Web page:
In June 2020, as I started my year as President, I set out six
priorities which reflected:
*the impact of COVID19 at the time, but with some optimism that COVID19 problems would quickly ease,
*the need to complete the restructuring of the
Club’s operating practices aiming to give the club a sustainable future, and
*preparing for our centenary year.
The optimism about COVID19 proved not to be the case and the impact was instead significantly greater and more prolonged than envisaged in June 2020. Key restrictions continue to today, a year later. It has limited the Club in all its traditional activities of fellowship, fund raising and charitable giving. The outcome on my 6 priorities has been mixed.
Priority 1) was about maintaining and developing member contacts and fellowship, producing a menu of fellowship activities that offered something for all members old and new.
The new Fellowship Committee was created, how ever continuing COVID restrictions prevented it from putting on any events or organize any activities. Without face to face meetings and the long period of lock-down, keeping members informed, connected and engaged with the Club became important. Great efforts have been made to keep the Club members in touch with the regular production of the Bulletin and HUB together with the work of the Club Almoner. There has been a quick circulation to all members of what has happened in the meetings of the Club and zoom used to facilitate meetings giving all members some limited contact with other Club members. Who would have thought so many members could so quickly learn how to use zoom? The extensive use of zoom has enabled us to meet regularly and keep the Club functioning albeit with limitations. Also, Zoom has given us access to a range of interesting speakers from around the UK and the World.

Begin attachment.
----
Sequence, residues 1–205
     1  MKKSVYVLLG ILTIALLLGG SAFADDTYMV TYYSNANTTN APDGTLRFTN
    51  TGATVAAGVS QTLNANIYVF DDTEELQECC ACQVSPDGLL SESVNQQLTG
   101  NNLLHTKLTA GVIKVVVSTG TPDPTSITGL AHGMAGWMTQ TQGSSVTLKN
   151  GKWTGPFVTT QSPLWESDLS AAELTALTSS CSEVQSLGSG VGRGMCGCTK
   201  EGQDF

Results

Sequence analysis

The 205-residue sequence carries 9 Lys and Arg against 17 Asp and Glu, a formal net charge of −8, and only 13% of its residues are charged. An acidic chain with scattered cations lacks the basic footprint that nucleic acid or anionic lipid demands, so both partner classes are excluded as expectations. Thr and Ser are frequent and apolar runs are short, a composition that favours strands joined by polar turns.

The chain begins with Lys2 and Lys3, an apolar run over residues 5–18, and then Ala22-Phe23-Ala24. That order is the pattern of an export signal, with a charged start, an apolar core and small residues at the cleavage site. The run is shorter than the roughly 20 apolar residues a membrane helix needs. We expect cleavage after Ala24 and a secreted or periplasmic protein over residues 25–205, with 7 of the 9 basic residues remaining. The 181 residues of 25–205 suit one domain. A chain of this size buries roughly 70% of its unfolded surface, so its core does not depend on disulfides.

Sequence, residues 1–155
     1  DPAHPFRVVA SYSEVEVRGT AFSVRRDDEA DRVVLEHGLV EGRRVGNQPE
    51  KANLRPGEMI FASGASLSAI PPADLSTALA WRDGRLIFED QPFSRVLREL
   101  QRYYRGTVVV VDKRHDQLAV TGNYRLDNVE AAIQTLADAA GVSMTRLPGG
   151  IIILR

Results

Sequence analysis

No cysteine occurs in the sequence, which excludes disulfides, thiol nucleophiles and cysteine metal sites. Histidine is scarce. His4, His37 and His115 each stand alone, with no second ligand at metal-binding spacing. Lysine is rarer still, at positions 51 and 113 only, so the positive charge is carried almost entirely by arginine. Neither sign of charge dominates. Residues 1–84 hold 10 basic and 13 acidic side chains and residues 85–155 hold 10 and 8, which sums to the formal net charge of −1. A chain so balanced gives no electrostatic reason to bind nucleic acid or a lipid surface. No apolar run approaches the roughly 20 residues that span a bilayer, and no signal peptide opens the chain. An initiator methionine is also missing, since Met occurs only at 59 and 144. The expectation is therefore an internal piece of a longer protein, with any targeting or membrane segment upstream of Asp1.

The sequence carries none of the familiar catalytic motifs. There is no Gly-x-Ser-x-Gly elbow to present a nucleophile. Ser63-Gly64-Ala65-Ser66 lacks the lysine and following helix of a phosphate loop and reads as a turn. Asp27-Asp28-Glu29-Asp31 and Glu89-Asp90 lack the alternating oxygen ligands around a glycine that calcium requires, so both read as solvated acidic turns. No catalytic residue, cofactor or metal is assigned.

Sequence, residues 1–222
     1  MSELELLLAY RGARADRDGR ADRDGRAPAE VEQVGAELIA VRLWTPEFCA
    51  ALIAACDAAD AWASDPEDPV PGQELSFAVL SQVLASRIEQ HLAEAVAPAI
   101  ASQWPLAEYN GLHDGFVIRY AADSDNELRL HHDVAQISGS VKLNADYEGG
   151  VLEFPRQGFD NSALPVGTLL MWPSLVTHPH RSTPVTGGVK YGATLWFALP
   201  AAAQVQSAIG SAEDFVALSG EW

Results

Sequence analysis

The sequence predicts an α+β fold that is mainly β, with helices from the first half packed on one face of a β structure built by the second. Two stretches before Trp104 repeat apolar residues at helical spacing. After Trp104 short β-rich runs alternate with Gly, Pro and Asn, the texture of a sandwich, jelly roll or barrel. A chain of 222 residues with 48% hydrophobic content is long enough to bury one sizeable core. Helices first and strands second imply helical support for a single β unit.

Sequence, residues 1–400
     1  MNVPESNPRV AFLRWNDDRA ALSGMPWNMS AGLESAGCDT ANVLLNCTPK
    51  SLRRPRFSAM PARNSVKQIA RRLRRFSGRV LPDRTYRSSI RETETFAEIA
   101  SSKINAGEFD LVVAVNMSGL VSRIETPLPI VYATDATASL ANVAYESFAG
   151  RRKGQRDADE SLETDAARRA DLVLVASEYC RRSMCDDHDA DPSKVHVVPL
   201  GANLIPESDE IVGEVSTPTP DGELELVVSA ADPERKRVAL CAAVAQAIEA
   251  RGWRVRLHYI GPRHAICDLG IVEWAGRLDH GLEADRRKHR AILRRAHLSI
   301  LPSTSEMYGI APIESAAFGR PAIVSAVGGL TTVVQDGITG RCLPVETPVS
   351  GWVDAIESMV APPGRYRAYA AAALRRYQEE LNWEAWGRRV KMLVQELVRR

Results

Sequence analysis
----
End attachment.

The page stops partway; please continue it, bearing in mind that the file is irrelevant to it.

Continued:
We have had our daily lives dominated by the virus. A whole range of new concepts have been introduced such as social distancing, single person shopping, lockdown, furlough, the R number and endless charts on how we are doing in our battle with the virus. The adverse impact on individuals and families has been extensive which leads onto my priority 2.
Priority 2) was making best use of our limited charitable giving capacity.
Fundraising was much reduced due to the restrictions imposed by the Government to try and stop the spread of the virus. This has obviously limited our capacity to fund help for those facing an increased need resulting from the impact of the virus. Spending Committees had to use their limited budgets carefully ensuring value for money was obtained and help went to the neediest.
Youth and Community services activities saw help go to Haven, the Toy Box appeal for children in homes at Christmas and the new small grants scheme helping 21 local organizations who are providing services and support to local individuals and families. The scheme being boosted by a £5000 donation from the JBCTrust.
International activities saw a large response to shoebox collections and continuing support for projects in Africa and India which benefited disabled people, school children and families. Lend with Care helped many families with small loans creating financial